Thank you many times for reading till the end. Kindly like and leave your thoughts in the comments section below. See you again next week with another chapter. Meanwhile, keep reading our posts.

25 Comments

  1. Mike U. says:

    Well done as always, Lamittan, and it served its purpose–I’d never heard “Spoil the ship for a ha’p’oth of tar,” “Twenty to the dozen” or “Harsh one’s mellow” before. This feature is quickly becoming an educational tour de force! 🙂

    Liked by 1 person

    1. You make me want to continue with this, my friend Mike. I am overjoyed you found something to learn, and that you actually loved this. Many thanks to you for your support, bro, always. 🤝😊

      Liked by 1 person

  2. Great, as always 🙏💙🙏

    Liked by 1 person

    1. Oh thank you so much, Luisa. I’m really glad you liked this. 👍

      Liked by 1 person

      1. Always a pleasure 😊❣️

        Liked by 1 person

      2. ❤🌟🌟❤🤗

        Liked by 1 person

  3. Ingrid says:

    Thank you for the mention, Lamittan! Do you know that ‘cavalcade’ comes from a group of horses all riding together?

    Liked by 1 person

    1. You’re most welcome, Ingrid my friend. Sure, that’s the initial literal meaning. I’m glad to know. Your works are amazing. Keep writing, keep inspiring us.

      Liked by 1 person

  4. Wonderful post, Lamittan. The picture is awesome too.💕

    Liked by 1 person

    1. Thank you so much, Grace. I’m glad you like it, dear 💖

      Liked by 1 person

      1. I sure did. My pleasure.💕

        Liked by 1 person

      2. You’re most welcome 😊

        Liked by 1 person

  5. Obong eno says:

    Great job Lami ❣️

    Liked by 1 person

    1. Many thanks to you, my friend. ❤

      Liked by 1 person

      1. Obong eno says:

        Okay dear 🥰

        Liked by 1 person

  6. Daphny Aqua says:

    I always look forward to this as I always get to learn, great job Lam. 🤗💖

    Liked by 1 person

    1. You’re most welcome, Daph. I’m glad you’re learning as so I am. 🤗❤

      Liked by 1 person

      1. Daphny Aqua says:

        We’ll all learn together. 😁🤗💖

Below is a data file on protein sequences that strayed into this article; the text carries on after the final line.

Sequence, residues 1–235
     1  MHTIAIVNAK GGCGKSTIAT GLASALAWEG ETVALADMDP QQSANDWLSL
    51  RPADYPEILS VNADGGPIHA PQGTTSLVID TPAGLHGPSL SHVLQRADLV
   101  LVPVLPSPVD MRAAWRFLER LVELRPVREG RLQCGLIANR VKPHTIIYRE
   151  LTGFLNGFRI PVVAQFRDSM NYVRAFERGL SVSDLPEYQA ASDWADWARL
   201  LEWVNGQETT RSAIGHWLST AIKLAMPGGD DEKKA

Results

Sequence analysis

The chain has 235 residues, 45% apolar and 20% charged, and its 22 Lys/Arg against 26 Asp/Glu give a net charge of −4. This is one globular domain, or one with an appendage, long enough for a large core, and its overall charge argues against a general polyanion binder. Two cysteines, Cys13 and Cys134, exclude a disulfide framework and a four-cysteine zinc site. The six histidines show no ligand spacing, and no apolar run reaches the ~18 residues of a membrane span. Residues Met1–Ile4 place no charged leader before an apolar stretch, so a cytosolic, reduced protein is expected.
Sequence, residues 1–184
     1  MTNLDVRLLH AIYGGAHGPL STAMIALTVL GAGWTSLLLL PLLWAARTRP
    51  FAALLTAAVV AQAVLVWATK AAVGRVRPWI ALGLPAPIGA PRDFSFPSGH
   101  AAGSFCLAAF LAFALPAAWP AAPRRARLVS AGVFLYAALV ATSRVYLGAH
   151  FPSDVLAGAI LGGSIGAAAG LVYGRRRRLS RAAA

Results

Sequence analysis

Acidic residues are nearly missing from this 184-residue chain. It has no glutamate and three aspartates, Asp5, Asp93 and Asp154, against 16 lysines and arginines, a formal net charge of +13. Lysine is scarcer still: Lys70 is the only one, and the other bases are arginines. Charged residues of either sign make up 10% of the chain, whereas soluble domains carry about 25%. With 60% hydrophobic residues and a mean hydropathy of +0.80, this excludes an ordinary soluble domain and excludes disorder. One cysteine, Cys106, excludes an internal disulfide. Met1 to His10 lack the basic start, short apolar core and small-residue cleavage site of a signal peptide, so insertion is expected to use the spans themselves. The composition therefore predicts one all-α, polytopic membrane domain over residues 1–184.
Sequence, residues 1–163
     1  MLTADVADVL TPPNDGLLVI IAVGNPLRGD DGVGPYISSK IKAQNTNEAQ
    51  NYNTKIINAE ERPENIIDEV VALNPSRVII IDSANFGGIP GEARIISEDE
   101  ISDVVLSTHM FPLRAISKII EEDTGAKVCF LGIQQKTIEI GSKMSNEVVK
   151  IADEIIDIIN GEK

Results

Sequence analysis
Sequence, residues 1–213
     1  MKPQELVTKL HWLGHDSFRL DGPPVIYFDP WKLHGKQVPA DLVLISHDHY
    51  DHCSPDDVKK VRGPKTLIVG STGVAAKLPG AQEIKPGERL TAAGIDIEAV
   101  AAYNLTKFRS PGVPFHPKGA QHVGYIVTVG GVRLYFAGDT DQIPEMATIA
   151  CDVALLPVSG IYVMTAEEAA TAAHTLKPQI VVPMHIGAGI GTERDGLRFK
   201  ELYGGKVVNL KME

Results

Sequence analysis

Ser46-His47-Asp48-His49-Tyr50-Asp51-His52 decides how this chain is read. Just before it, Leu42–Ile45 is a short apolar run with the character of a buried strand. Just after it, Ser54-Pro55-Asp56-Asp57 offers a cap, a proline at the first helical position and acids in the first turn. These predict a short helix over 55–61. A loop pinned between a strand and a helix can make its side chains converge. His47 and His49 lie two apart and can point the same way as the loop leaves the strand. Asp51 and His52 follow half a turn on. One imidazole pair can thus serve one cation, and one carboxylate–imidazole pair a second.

Liked by 1 person

      2. Yes we do. 🤗❤ Pleasure.

        Liked by 1 person

  7. First of all Lamittan… let me be the first to Congratulate you on 100 followers. Nice job! your mention of Ingrid and moving the horses out of the stable!~ 💖💖💖💖

    Liked by 1 person

    1. Thank you many times for the praises, dearest. And of course your idiom “step up to the plate” also had a stunning contextualized usage as I pointed out there. You two are great skilful writers. 🌺❤🌺.

      Liked by 1 person

      1. Oh my heavens… I think I was writing and fell asleep… sorry. Long week and I just came back and saw this incredible mention and thank you so much for sharing my poem and stepping up to the plate to call me out-:)
        I do love these vocab writes and haven’t used the others but good to have in my tool box. Thanks truly and great post!!!

        Liked by 1 person

      2. Oh sorry you had to wake up to reply. I’m glad you liked them. You’re most welcome, dear. Thanks for stepping up to the plate to respond, m’hhm

        Like

  8. Awesome share, Lamittan!

    Liked by 1 person

    1. Many thanks to you kindly. Glad you liked it. 💕🌟💕

      Like

Leave a Comment

Fill in your details below or click an icon to log in:

WordPress.com Logo

You are commenting using your WordPress.com account. Log Out /  Change )

Twitter picture

You are commenting using your Twitter account. Log Out /  Change )

Facebook photo

You are commenting using your Facebook account. Log Out /  Change )

Connecting to %s

This site uses Akismet to reduce spam. Learn how your comment data is processed.